14 September 2007

A Couple More Bear Taxidermy Tips

Posted by Darrell under: Tips & Ideas .

big_alaska_bear.JPG 

This Spring I took a great big bear in Alaska with my bow. I was so excited and had decided to do a full standing mount. My outfitter, who did a great job of preparing the cape, recommended a taxidermist in Junea. He suggested, and I agreed, to have the hide tanned in preparation for a full mount and then shipped back to me. We decided to not have the mount done in Juneau because the shipping cost was astronomical. I found a taxidermist, paid my deposit, and eagerly waited for my hide to arrive.

Well, just imagine my anticipation when I received an email from the taxidermist stating that my hide was on it’s way via USPS C.O.D. I was so excited. So after paying the $400+ balance (total cost $750+) on the tanning I eagerly opened the box. To my utter horror, the pads had been cut out of the paws and the paws were trimmed. 

I took the hide to my local taxidermist to see what can be done. He assures me that we can still do a full mount. We just won’t be able to do any pose where the palms show (I was planning on a standing bear taking a swipe which is now out). It will be more expensive, of course, because he is going to have to reconstruct the pads (although he assures me they won’t hold up to any close scrutiny) and my paws will be considerably smaller than they were originally. 

So, I fired an email off to the taxidermist in Juneau. He replied with the following:

Unless specifically requested for whatever reason by the customer to keep the pads attached to the hide I remove the pads from every bear that comes into my shop. It is unfortunate that the taxidermist you are using indicated that it would be more difficult to do an upright mount, on the contrary. On all my live mounts  both full and half and I do plenty of them, the pads (the bottoms of the feet) are recreated by using a two part epoxy in black or gray color and the impression of the pad is put right back into the epoxy. You would not be able to tell the real pad from the artificial pad. It makes for a cleaner transition from the pad to the hair without any stitch marks to hide.  So I disagree with your taxidermist that suggest it is far more difficult and costly to do the work. It is such a simple and quick process, it takes me about five minutes or less per foot that I don’t even think about charging extra for the procedure and you can’t tell the real one from the reproduction. If your taxidermist is telling you that it will be much more difficult and costly I suggest finding a different taxidermist to do the work for you. I can show you countless mounts that I have done this procedure on. I had a similar email from a customer about two years ago and he located a different taxidermist in his community to do the work and got the desired results. ”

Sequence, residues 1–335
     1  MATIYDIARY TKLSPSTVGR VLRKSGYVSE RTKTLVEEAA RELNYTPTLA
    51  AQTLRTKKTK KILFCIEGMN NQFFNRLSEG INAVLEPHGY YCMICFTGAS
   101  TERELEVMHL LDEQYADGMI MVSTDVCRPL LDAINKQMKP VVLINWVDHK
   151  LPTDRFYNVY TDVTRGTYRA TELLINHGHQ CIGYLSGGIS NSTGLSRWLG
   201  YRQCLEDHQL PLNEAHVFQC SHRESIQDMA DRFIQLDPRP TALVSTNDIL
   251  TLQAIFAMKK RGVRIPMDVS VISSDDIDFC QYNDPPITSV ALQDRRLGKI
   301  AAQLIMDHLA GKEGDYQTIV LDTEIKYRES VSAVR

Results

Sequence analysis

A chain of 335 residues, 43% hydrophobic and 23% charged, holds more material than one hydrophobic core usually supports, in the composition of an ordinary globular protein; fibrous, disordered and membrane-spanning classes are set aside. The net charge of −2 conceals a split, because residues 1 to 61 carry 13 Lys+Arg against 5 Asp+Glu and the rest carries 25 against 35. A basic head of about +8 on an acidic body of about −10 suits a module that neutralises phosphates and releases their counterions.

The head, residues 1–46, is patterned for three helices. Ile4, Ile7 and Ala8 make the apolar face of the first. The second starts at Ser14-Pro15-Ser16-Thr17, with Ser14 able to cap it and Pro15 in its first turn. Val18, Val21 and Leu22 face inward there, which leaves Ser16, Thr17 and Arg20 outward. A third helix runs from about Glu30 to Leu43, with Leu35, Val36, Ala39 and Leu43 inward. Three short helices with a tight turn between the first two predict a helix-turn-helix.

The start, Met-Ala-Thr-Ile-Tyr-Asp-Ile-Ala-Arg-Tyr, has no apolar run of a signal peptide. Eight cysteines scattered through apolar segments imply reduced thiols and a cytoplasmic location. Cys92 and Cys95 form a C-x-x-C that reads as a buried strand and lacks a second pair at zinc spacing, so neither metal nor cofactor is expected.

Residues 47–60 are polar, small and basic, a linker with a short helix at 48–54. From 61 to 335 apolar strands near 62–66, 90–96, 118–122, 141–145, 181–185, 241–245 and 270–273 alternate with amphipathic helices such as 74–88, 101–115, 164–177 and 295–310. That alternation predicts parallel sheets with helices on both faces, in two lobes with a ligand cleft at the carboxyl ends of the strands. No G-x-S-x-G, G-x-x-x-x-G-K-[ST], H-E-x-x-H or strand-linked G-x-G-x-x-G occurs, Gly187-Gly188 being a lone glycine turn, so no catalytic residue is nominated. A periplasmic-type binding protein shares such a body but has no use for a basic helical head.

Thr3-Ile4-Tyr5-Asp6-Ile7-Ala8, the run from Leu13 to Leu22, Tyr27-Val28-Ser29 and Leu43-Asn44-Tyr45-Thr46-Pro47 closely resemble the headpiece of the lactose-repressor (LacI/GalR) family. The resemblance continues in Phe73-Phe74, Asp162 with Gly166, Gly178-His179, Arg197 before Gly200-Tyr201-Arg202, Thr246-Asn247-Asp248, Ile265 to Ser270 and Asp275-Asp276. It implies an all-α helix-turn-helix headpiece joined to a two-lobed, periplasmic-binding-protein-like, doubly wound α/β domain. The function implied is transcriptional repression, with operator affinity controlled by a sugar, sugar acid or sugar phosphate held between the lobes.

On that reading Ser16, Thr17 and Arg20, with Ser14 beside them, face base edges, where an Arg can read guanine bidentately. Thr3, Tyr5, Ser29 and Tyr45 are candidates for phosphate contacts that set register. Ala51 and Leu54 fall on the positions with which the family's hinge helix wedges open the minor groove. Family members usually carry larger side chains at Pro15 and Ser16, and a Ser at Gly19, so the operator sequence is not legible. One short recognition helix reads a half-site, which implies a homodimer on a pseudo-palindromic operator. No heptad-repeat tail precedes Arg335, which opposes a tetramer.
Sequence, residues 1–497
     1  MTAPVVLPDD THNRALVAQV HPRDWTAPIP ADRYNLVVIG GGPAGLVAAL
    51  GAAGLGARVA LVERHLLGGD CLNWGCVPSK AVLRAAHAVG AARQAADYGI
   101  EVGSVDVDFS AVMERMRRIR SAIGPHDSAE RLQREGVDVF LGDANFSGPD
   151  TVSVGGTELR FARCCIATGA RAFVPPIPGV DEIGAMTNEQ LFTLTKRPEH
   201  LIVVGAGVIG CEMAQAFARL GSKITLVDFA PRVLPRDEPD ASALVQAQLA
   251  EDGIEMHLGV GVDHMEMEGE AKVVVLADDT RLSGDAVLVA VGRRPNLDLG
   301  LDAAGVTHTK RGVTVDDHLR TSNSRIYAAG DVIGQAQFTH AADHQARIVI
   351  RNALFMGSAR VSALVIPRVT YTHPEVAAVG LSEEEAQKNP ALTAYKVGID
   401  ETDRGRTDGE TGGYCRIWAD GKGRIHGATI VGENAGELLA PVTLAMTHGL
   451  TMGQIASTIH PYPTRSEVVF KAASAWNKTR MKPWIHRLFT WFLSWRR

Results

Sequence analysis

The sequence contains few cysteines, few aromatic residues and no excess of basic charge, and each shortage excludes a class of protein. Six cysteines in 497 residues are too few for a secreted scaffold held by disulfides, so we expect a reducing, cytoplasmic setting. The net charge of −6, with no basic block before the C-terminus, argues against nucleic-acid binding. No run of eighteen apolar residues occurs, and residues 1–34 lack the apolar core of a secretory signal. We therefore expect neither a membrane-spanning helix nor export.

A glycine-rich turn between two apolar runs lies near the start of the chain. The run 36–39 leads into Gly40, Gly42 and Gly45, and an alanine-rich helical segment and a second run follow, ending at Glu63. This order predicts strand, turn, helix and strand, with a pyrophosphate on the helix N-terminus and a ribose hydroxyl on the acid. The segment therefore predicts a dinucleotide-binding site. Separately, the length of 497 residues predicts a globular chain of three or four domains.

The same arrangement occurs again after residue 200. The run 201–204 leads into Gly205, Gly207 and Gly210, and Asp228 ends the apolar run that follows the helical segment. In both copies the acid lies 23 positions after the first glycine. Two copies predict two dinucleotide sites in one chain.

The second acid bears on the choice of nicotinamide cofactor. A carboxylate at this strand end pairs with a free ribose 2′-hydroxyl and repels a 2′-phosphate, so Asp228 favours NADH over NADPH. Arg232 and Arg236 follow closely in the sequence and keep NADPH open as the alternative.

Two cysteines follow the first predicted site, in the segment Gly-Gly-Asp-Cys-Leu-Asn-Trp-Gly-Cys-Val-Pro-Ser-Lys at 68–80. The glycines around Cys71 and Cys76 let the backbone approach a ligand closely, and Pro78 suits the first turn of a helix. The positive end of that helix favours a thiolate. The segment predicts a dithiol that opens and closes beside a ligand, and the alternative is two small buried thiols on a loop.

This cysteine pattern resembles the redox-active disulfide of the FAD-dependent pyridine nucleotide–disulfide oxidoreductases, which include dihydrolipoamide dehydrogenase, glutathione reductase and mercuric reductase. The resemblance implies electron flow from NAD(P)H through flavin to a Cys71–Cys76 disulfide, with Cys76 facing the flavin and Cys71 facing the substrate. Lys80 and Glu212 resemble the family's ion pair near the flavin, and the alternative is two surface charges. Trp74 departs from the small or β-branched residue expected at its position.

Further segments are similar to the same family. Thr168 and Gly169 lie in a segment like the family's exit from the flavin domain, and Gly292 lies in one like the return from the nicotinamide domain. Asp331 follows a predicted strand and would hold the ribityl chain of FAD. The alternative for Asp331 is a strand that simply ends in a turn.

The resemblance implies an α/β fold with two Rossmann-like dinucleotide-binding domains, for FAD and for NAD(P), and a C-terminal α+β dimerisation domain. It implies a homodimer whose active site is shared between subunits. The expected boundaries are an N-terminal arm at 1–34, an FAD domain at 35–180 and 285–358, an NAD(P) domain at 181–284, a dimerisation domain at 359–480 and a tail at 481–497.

I don’t know which is the best way. However, I do know that I made a big mistake. I should have talked to my taxidermist here and found out exactly how he wanted the hide and then relayed those precise requirements to my taxidermist in Juneau. 

Maybe my potential disaster can prevent you from having a similar one. So, if you take a bear, make sure and do the following before taking your trip:

  • Don’t make ANY assumptions! 
  • Talk to the taxidermist that is ultimately going to do your mount and find out how he wants the hide prepared  
  • Relay these instructions to your outfitter and/or any taxidermist that handle the hide in advance of your ultimate taxidermist
  • If you decide to keep the pads, pin a note on the pads stating that you want to keep them
  • Have the taxidermist write on the invoice slip exactly what you are going to do with the hide so their is no confusion
  • Before you cape the bear, take several measurements using a sewing tape measure including:
    • the distance from the nose to tail
    • distance from bottom of eye to end of nose
    • girth around the center of the bear
    • girth of the neck
    • width of the front paws

For more tips on preparing a bear for taxidermy check out these articles:

How to Skin A Bear

Preparing A Bear Hide For Taxidermy

6 Comments so far...

Matt Says:

14 September 2007 at 1:02 pm.

Good information and great picture!

Bryan Says:

14 September 2007 at 5:59 pm.

First off…great bear!!!

Second, thanks for the tip. I hope to go on a bear hunt someday, so that info might come in handy (I hope so!!!)

Third, I heard a tip talking with a hunter today about deer mounts. Apparently, dragging a buck a long distance can make it difficult to do a chest mount. So, if you harvest a monster this year, get a quad!

Othmar Vohringer Says:

14 September 2007 at 9:33 pm.

Good information on having your trophy preserved is important. There are many good taxidermists but there some cowboys out there that can ruin the memory of a lifetime. Great picture!

-Othmar Vohringer-

BuckNakedFever Says:

17 September 2007 at 8:45 am.

I would have been hot if I found out it wasn’t common practice to cut out the pads. Nice bear though and I like the camera angle on that pic.

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Goethe qth Says:

13 April 2013 at 10:06 pm.

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